A new poll shows that while most Californians oppose recalling Newson, the voters most passionate about casting ballots in September are nearly evenly divided on whether to oust the Democratic governor.

Here’s what voters need to know about the attempted recall of Newsom, the candidates who want to replace him and the process that will unfurl through election day in mid-September.

The field

After months of uncertainty over who was running and who was seeking publicity, the field of potential Newson replacements is now set. The secretary of state’s office announced that the certified list of candidates includes 46 people — 24 Republicans, 10 with no party preference, nine Democrats, two members of the Green Party and one Libertarian.

The most well-known Republicans are Olympic Gold medalist/reality television star Caitlyn Jenner and nationally syndicated conservative talk radio host Larry Elder. Other prominent Republicans running include former San Diego Mayor Kevin Faulconer, former Rep. Doug Ose, unsuccessful 2018 GOP gubernatorial nominee John Cox, Assemblyman Kevin Kiley and Board of Equalization Member Ted Gaines. The most well-known registered Democrat candidate is Kevin Paffrath, a personal finance influencer with more than 1.6 million followers on YouTube.

Newsom and his allies were successful in stopping a prominent Democratic elected official from entering the race. This is a risky strategy for Democrats, because if the recall is successful, the next governor will almost certainly be a Republican.

The deadline to appear on the ballot has passed, but those who want to try their luck as write-in candidates have until 14 days before election day to file the necessary paperwork.


The odds

Polling shows that Republicans are more enthusiastic about voting in the special election than Democrats. This motivation gap is what recall backers are counting on in a state where registered Democrats outnumber registered Republicans nearly 2 to 1.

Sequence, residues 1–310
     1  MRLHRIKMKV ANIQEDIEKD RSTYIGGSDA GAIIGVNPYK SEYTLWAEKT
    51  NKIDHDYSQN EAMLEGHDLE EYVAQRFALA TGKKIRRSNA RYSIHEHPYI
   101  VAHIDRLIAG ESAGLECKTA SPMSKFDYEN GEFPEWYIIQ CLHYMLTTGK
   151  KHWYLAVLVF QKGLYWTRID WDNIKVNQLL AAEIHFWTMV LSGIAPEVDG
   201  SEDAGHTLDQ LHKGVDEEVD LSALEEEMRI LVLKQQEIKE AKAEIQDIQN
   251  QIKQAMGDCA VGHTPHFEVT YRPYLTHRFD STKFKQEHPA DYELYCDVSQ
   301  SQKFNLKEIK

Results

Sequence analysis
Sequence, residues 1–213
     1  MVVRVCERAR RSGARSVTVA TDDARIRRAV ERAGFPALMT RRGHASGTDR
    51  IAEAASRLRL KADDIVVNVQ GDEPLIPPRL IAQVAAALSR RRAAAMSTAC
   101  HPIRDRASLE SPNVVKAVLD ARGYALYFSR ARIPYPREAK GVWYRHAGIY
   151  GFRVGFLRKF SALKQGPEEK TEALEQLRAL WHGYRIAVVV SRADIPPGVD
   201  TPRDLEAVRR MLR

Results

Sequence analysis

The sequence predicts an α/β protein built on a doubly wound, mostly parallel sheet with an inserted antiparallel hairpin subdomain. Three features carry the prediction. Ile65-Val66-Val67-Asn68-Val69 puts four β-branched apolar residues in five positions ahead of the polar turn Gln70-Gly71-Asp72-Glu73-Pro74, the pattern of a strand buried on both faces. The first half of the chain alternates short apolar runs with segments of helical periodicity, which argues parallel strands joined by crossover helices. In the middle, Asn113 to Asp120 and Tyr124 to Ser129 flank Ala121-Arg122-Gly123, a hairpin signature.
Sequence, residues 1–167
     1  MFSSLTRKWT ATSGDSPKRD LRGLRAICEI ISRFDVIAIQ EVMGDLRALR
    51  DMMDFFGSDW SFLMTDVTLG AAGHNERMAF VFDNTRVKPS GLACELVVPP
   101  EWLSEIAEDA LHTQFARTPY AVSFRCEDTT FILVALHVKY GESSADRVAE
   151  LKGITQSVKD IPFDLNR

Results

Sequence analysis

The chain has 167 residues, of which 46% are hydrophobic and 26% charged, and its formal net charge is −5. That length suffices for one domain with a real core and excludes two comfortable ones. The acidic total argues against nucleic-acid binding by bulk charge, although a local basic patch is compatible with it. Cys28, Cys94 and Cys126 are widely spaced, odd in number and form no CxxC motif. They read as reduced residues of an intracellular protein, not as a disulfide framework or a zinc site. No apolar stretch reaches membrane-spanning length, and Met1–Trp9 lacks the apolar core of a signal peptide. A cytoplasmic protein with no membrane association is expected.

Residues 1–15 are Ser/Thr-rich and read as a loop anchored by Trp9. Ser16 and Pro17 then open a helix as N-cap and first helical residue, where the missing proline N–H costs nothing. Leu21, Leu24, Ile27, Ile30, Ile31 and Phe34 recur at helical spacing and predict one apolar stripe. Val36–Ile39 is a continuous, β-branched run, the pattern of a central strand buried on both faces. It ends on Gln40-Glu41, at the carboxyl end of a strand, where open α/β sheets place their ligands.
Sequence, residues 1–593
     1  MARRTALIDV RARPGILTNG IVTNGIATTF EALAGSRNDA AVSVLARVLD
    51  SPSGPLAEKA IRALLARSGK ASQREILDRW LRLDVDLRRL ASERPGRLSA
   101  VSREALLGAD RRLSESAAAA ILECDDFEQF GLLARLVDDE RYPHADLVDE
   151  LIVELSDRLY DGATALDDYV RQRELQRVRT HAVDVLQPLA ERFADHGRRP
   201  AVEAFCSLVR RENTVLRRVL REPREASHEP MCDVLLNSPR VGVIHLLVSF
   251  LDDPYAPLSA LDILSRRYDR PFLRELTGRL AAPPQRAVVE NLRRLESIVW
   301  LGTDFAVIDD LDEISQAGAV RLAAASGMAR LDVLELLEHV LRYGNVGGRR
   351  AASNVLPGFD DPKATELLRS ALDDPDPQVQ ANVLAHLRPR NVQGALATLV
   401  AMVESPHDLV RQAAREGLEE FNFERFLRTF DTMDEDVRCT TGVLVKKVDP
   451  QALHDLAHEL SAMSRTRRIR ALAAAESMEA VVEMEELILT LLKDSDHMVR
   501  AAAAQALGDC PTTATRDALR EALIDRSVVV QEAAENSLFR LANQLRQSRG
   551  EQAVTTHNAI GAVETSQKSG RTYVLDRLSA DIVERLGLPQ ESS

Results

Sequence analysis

However, Newsom still has a number of advantages:

Incumbents always use their office to buoy their reelection efforts. Newsom is no different. In the midst of the pandemic, Newsom has highlighted his recovery efforts, such as offering $600 stimulus checks to many Californians that his critics call “recall refunds.”

Newsom’s allies, notably labor, have an army of volunteers to call and text voters or canvass neighborhoods. And the incumbent has an enormous financial edge.

The money

Newsom’s anti-recall allies have raised more than $37 million, more than all the pro-recall forces and GOP candidates combined. Voters will get a clearer picture of candidates finances next week, when campaign committees must file fundraising disclosures for the first six months of the year. Another round of finance reports is due Sept. 2.

Money is not determinative (just ask Gov. Meg Whitman or President Jeb Bush). But most candidates would prefer to have more money than not, particularly in a state that is as large as California and contains so many of the nation’s most expensive media markets.